If the sentiment behind this statement sounds familiar, it should; it is the same one that has largely motivated the “war on terror” response to the September 11, 2001 attacks. Soon after those attacks, then President George W. Bush infamously framed the war on terror as “either you are with us or you are with the terrorists.” Other Republicans and conservatives have been even more explicit in what was behind the approach to the “war on terror,” describing it in terms of a “clash of civilizations.” While the contexts are different, the approach taken towards both gun violence and terrorism by the conservative movement is largely the same – the problem is bad violent people and the solution is stopping such people with violence of our own.
Now, there is a kernel of truth in the black-and-white view. It cannot be disputed that there are bad and violent people in the world and that sometimes either police or military force are necessary to prevent such people from causing serious harm. But that view also far too frequently blinds people to the the nuances that characterize many situations and the existence of numerous other potential solutions that can minimize or even entirely avoid violence and bloodshed. In fact, with regards to both gun violence and the”war on terror,” experience shows that the black-and-white world view taken by many conservatives has been an utter disaster.
In the realm of foreign policy and national security, this black-and-white world view resulted in an unnecessary war in Iraq, launched on false pretenses, that led to the death of thousands of American soldiers and hundreds of thousands of Iraqis, the wasting of nearly $1 trillion, and the frittering away of our international leadership role. And by portraying the world as filled with bad guys who must be stopped at all cost, our society has accepted the dismantling of civil liberties here at home (that, unfortunately, has largely continued under President Obama), under the theory that suspects in a diffuse “war on terror” are not entitled to basic protections of the Bill of Rights.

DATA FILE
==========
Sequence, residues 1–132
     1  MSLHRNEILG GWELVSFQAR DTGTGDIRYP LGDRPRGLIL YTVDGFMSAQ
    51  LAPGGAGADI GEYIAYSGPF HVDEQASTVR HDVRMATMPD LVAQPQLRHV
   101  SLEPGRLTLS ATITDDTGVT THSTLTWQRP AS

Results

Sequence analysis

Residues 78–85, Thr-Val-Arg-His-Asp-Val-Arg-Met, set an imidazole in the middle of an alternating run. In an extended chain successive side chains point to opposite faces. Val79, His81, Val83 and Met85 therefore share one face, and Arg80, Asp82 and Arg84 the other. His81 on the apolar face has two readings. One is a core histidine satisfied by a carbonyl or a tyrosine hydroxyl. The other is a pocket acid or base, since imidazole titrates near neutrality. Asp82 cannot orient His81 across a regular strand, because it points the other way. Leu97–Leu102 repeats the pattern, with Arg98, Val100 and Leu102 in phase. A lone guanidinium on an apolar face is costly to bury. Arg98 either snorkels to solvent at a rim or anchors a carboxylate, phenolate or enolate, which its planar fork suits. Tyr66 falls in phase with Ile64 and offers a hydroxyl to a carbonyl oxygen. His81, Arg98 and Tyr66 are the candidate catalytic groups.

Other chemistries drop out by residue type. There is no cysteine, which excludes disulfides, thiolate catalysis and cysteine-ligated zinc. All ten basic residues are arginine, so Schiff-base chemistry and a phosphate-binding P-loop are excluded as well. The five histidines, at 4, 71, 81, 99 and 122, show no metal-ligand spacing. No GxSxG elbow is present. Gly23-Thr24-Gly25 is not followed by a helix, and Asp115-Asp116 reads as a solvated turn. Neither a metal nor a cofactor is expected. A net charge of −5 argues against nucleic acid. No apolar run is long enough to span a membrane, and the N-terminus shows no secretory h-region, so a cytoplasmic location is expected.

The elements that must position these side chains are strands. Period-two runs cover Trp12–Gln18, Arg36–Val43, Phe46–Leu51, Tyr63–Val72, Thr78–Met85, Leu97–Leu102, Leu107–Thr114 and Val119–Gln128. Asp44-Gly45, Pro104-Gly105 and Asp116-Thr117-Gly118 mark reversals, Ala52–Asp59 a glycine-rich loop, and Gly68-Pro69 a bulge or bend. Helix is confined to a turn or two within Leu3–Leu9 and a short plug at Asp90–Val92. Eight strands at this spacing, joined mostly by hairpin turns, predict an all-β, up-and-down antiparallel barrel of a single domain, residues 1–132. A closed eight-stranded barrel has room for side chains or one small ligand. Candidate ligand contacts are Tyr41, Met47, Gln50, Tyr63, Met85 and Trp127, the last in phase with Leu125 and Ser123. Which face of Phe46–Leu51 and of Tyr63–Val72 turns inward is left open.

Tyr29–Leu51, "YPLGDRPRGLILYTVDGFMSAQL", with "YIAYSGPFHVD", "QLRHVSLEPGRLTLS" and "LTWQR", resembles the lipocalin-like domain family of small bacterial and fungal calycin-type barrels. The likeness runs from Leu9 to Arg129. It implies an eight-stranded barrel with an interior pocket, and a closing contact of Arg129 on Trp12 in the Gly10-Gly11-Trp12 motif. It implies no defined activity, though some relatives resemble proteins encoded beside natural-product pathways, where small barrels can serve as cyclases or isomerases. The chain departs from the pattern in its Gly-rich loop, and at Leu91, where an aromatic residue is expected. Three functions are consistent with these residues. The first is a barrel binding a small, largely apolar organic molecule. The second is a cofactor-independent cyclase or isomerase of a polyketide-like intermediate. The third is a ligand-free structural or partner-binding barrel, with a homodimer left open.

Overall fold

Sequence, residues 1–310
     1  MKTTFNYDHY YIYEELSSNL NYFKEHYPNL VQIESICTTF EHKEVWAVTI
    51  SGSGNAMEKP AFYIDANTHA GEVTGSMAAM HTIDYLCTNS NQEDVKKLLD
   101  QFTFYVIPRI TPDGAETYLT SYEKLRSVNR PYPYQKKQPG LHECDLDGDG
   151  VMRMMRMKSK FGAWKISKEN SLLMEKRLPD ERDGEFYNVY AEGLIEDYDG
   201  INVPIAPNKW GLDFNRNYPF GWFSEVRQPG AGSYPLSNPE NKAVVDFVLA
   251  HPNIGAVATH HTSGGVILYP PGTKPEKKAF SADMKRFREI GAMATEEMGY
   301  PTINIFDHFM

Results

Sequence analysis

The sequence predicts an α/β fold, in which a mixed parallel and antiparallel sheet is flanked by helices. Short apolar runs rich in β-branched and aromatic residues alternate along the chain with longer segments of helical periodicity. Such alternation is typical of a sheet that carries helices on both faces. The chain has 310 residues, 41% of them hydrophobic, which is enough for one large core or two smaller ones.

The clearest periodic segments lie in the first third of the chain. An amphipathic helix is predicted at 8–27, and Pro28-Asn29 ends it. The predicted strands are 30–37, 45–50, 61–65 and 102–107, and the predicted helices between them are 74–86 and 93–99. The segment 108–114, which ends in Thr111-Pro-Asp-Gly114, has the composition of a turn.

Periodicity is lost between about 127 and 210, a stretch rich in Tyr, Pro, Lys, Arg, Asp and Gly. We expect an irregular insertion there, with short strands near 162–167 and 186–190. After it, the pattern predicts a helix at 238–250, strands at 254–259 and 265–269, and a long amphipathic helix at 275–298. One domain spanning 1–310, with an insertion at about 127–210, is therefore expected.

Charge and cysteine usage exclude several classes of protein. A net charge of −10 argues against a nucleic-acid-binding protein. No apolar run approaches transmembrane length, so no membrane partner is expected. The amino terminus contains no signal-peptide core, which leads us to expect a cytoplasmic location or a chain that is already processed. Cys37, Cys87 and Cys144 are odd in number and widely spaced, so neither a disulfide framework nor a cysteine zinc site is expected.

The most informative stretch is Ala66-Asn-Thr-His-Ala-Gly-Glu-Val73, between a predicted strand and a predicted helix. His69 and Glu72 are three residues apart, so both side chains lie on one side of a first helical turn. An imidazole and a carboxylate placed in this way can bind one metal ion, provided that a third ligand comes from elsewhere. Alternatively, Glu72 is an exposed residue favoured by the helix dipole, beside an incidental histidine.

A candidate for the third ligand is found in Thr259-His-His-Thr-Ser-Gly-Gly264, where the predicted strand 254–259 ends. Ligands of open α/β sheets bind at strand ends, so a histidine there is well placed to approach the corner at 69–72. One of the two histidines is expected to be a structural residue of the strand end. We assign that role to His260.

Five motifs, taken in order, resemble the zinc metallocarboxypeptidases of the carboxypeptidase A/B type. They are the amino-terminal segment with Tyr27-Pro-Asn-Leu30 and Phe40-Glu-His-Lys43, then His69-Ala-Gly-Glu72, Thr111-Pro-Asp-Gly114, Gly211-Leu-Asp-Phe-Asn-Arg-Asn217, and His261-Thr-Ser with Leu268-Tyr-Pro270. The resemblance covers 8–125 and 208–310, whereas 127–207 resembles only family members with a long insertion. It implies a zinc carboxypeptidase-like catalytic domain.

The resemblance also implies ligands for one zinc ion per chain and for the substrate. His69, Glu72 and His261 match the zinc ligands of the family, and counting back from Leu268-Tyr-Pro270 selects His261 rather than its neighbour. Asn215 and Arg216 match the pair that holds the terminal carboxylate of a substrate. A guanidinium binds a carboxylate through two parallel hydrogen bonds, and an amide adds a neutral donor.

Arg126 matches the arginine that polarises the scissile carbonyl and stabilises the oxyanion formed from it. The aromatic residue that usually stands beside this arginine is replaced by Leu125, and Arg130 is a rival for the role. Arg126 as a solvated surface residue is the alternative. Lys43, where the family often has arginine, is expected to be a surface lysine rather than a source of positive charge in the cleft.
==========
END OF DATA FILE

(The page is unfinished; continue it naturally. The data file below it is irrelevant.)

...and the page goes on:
The black-and-white world view as espoused by LaPierre and the NRA has been similarly disastrous when it comes to the topic of guns, as it has made our nation unable to act in the face of an epidemic of gun violence. Even as guns claim more than 11,000 lives every year and mass killings such as the one at Sandy Hook occur regularly, we have so brought into the false notion of needing guns to be able to protect ourselves from violent perpetrators that we have been unable to take common sense steps such as reinstating the assault weapon ban, fixing the gun checks system, closing the gun show loophole, banning ammunition clips that hold more than 10 rounds, making it easier for police to trace guns that are used in a crime, and revoking the licenses of corrupt gun dealers.
It is right for LaPierre’s belligerent performance at last week’s press conference to be pilloried as offensive and out-of-touch. But let’s also keep in mind that LaPierre’s speech offered a look into the mindset of the wider conservative movement that is trapped in a bubble of black-and-white, us vs. them thinking. Bursting that bubble, and bringing a dose of commonsense focused on evaluating a full range of causes and solutions to, not only gun violence but a wide range of domestic and international issues, is critical to ensuring that we do not continue to repeat the mistakes of the past and, instead, move forward toward a less violent society.